At least 26 states have passed laws to permanently limit public health powers, a KHN investigation has found, weakening the country’s ability to fight not only the current resurgence of the pandemic but other health crises to come.
Thousands of schools have spent millions of federal covid relief dollars snapping up air cleaning technology that claims to inactivate covid-19. But the devices fall into a regulatory gap.
HCA charges patients an “activation fee” of up to $50,000 for trauma teams at centers located in half its 179 hospitals — and they often don’t need trauma care, an analysis of insurance claims data shows.
A KHN investigation found that more than 2,000 schools have spent millions of dollars for systems, lured by air purifier companies’ claims that experts say mislead or obscure the potential for harm from toxic ozone.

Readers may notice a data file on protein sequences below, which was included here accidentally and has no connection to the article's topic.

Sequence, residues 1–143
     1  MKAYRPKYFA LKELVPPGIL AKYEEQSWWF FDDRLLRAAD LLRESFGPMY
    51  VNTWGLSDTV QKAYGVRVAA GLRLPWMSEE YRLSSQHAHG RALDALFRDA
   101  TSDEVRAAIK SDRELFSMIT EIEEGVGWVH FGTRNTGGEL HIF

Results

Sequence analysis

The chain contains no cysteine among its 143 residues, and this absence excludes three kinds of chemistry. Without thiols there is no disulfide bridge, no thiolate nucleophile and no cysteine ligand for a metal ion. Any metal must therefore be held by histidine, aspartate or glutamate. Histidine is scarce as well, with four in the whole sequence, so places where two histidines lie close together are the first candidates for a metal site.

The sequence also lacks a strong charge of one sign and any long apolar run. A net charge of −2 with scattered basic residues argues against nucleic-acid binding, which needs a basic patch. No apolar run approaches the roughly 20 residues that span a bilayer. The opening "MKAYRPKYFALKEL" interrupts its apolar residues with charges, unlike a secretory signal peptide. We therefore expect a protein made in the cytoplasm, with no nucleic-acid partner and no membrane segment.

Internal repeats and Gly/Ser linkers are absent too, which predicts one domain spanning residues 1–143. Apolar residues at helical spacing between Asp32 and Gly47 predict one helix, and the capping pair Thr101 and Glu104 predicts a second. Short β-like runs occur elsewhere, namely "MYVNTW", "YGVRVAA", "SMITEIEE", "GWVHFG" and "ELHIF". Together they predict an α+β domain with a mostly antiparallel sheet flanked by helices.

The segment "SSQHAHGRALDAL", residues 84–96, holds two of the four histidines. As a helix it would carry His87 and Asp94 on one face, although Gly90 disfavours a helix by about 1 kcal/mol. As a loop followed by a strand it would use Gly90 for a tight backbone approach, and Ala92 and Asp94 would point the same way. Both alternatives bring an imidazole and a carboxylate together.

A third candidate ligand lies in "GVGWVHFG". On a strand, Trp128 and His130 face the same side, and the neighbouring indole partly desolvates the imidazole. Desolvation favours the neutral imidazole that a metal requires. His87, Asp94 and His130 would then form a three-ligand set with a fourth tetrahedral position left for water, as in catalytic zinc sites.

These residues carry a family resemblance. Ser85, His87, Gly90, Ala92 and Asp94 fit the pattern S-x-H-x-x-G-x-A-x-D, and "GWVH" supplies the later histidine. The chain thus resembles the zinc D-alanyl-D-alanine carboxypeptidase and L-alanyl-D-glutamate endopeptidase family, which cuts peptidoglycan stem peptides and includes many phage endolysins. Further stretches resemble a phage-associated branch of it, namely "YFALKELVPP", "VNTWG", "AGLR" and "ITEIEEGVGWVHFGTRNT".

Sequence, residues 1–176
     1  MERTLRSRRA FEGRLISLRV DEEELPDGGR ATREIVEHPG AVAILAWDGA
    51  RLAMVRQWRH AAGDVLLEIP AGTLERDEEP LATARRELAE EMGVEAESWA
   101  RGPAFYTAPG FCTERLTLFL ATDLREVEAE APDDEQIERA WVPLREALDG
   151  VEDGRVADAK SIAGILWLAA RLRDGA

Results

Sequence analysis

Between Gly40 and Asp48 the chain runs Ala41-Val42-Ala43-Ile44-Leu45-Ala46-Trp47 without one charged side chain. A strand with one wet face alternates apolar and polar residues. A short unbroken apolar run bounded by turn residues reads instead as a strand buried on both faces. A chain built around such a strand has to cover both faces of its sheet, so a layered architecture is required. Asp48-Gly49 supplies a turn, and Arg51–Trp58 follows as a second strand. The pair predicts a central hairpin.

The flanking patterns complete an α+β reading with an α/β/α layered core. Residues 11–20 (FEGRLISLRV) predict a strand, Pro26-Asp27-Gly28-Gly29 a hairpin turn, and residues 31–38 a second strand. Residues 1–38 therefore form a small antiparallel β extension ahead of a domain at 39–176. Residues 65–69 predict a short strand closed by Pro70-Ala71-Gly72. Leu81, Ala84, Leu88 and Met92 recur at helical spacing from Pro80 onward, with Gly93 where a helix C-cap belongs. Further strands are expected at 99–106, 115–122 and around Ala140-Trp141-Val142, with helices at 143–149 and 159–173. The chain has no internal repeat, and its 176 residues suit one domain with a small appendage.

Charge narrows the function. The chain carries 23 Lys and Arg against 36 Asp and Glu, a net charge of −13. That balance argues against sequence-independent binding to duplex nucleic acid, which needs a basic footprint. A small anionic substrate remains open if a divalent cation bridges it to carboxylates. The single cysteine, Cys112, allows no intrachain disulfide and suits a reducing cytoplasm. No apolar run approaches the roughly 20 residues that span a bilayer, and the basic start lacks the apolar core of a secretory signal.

Pennsylvania’s Department of Drug and Alcohol Programs has allowed providers to continue operating despite repeated violations and harm to clients.
The Virginia hospital giant had already stopped suing patients with less than $107,000 in household income.
Masks imitating the real thing are flooding U.S. ports, and authorities can hardly keep pace.
At least 2,900 health workers have died since the pandemic began. Many were minorities with the highest levels of patient contact.
At least 181 public health leaders in 38 states have resigned, retired or been fired amid the turmoil of the pandemic. The departures come as backlash against public health is rising with threats to officials’ personal safety and legislative and legal efforts to strip their governmental public health powers.
Prince George’s County in Maryland is taking action after a coronavirus outbreak left veteran public health worker Chantee Mack dead and several colleagues with lasting medical problems. But some staffers say more still needs to be done to keep public health workers on the front lines of the COVID fight safe.